Wildlife Rehabilitation Medicine: Managing the Critical Care Wildlife Case
American Association of Zoo Veterinarians Conference 2014
Mark A. Mitchell, DVM, MS, PhD, DECZM (Herpetology)
College of Veterinary Medicine, University of Illinois, Urbana, IL, USA

Anthropogenic changes within our environment have led to an increased number of human-wildlife interactions. Unfortunately, many of these encounters result in life-threatening injuries for the wildlife. Veterinarians are often charged with serving as the first line of triage in the management of these cases. Veterinarians that assume responsibility for wildlife cases can provide emergency treatment to stabilize the patient under the current federal guidelines. Once stabilized, the animal should be transferred to a licensed wildlife rehabilitator, unless the veterinarian is also licensed to pursue the rehabilitation of the case. The purpose of this presentation is to provide veterinarians with an emergency medicine management plan to stabilize wildlife patients presented to their facility.

Most of the wildlife cases presented to veterinarians are from good Samaritans or local, state, or federal authorities. In most instances, the individuals provide minimal insight regarding the history of the case. Often the individual can provide information regarding the location the animal was found, but little else. Whether an animal should be released at a site where it was previously injured must be carefully considered. If the likelihood of re-injury is high, the animal should be released at an appropriate secondary site.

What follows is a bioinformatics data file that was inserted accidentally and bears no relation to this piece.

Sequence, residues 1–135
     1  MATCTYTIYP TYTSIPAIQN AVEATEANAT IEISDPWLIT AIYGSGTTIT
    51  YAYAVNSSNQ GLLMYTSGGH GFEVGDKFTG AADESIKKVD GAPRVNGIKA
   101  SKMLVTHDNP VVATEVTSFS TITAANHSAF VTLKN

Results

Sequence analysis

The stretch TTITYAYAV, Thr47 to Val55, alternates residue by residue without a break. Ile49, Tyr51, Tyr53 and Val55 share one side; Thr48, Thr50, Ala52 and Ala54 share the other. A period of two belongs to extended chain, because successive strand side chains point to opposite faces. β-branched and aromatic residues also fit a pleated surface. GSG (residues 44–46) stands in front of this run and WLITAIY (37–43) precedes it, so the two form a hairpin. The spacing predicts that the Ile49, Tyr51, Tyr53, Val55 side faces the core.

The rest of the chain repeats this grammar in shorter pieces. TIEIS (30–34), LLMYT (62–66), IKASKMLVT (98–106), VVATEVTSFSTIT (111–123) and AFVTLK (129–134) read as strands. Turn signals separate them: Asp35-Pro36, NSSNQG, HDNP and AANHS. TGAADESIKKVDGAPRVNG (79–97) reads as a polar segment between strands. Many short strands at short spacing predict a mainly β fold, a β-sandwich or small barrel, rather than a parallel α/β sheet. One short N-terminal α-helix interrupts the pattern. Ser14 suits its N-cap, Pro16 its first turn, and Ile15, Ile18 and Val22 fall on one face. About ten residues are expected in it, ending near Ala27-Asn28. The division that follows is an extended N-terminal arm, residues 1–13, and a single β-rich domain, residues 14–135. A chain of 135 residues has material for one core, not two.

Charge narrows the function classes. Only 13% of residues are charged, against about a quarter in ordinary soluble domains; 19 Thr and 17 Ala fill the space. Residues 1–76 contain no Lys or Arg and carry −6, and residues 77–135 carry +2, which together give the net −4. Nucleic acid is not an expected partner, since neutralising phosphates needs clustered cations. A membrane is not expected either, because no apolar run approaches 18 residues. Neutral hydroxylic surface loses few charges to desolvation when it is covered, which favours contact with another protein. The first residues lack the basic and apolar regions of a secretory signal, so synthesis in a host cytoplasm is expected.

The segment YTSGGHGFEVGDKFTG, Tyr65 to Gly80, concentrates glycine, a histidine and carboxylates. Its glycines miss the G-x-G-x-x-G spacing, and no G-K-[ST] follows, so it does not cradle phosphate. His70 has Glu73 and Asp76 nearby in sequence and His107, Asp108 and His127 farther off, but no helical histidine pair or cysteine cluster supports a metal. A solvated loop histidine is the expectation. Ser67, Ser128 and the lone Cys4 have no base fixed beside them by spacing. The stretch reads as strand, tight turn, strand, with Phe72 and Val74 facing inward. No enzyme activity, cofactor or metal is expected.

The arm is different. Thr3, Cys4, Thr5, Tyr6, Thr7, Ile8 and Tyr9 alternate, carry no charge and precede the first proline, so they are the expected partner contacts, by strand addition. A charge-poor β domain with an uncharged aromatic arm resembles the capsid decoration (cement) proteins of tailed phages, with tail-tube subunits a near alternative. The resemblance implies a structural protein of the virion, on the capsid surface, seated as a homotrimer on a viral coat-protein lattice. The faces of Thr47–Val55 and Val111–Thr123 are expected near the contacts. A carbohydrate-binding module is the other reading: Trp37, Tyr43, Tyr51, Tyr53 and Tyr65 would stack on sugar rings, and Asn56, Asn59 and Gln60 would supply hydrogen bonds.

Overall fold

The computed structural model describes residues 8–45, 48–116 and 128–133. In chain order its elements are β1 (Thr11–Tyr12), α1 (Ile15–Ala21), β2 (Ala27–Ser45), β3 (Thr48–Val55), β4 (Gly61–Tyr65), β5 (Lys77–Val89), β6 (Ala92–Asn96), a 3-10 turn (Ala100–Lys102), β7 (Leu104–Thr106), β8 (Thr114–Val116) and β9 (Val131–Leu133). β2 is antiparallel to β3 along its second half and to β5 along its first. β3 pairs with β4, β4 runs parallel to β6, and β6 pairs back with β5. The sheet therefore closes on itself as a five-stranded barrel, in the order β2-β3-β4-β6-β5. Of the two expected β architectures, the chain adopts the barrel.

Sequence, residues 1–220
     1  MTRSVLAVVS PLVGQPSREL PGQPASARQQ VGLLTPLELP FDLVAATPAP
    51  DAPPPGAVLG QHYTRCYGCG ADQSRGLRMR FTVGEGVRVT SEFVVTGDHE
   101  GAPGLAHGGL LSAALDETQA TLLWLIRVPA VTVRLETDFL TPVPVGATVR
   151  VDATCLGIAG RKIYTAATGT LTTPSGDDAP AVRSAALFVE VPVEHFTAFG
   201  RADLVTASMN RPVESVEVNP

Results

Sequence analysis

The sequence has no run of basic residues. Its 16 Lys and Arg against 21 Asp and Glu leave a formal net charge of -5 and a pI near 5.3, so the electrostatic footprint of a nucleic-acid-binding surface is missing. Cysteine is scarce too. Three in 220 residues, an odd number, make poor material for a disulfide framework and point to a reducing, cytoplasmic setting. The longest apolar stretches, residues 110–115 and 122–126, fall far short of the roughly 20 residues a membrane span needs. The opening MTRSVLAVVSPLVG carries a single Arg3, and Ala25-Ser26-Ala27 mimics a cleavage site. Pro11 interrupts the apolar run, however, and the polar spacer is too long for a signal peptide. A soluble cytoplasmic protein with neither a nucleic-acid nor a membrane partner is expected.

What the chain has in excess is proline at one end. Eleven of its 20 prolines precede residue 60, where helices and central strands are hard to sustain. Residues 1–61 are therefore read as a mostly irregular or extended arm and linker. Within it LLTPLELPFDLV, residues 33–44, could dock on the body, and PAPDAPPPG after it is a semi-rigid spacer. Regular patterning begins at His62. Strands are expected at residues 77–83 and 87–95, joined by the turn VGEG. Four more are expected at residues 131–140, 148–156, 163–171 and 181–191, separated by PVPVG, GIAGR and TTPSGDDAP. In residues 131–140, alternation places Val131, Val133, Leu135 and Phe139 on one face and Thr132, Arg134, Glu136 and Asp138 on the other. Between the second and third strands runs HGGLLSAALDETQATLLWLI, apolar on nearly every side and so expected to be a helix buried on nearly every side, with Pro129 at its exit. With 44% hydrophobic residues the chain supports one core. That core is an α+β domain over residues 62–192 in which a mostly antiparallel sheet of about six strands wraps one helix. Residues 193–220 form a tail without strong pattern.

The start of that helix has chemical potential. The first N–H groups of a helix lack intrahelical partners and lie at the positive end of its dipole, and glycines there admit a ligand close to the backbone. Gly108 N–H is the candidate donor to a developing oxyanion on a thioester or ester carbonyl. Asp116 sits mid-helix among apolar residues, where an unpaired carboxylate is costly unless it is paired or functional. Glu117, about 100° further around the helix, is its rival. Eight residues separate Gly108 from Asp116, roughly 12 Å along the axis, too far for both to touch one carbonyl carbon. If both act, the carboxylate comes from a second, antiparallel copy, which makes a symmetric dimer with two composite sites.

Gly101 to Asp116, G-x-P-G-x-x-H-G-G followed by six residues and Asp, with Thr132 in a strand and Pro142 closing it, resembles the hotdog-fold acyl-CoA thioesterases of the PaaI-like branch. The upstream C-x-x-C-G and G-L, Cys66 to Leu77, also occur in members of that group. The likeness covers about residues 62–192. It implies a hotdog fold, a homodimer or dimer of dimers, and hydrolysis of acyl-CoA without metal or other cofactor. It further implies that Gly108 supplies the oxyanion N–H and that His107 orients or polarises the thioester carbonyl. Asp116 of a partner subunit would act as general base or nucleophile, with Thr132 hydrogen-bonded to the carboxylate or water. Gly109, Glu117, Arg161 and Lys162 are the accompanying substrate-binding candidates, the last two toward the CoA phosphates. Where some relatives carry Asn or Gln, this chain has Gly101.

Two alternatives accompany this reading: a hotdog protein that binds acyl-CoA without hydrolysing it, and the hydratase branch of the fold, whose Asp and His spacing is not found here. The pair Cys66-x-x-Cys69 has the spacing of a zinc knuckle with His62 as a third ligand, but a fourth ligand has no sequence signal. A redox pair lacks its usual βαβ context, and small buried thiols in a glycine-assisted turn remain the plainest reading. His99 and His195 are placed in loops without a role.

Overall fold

Wildlife patients that present in severe shock can develop respiratory arrest, followed by cardiac arrest. Although the success rate for recovering wildlife patients with respiratory/cardiac arrest is limited, attempts to revive these animals may be pursued. The basic tenants of emergency medicine should be followed: A - establish an airway, B - breathing, C - stimulate cardiac function, D - use necessary drugs to stimulate and regulate breathing and cardiac function. Cardiopulmonary resuscitation in wild mammals should follow the techniques described for domestic mammals. For birds, a cuffless endotracheal tube should be used. The birds should be positive-pressure ventilated to stimulate the movement of blood through the pulmonary vessels. Cardiac compressions can be performed by firmly pressing on the keel. Epinephrine may be used to stimulate the heart and Dopram is often used to stimulate breathing. A catheter should be placed either intravenously or intraosseously to deliver fluids.

Wildlife that present with dyspnea should be considered an emergency. A patient in severe dyspnea should be stabilized prior to performing any diagnostics procedures. The animal should be placed into an oxygen cage or given oxygen via a facemask or endotracheal tube to increase oxygen saturation. A pulse oximeter may be used to estimate oxygen saturation levels. In birds, if the dyspnea is associated with a tracheal obstruction, then an air sac tube may be used to alleviate the distress. Once the animal is stabilized, attempts to characterize the dyspnea should be made.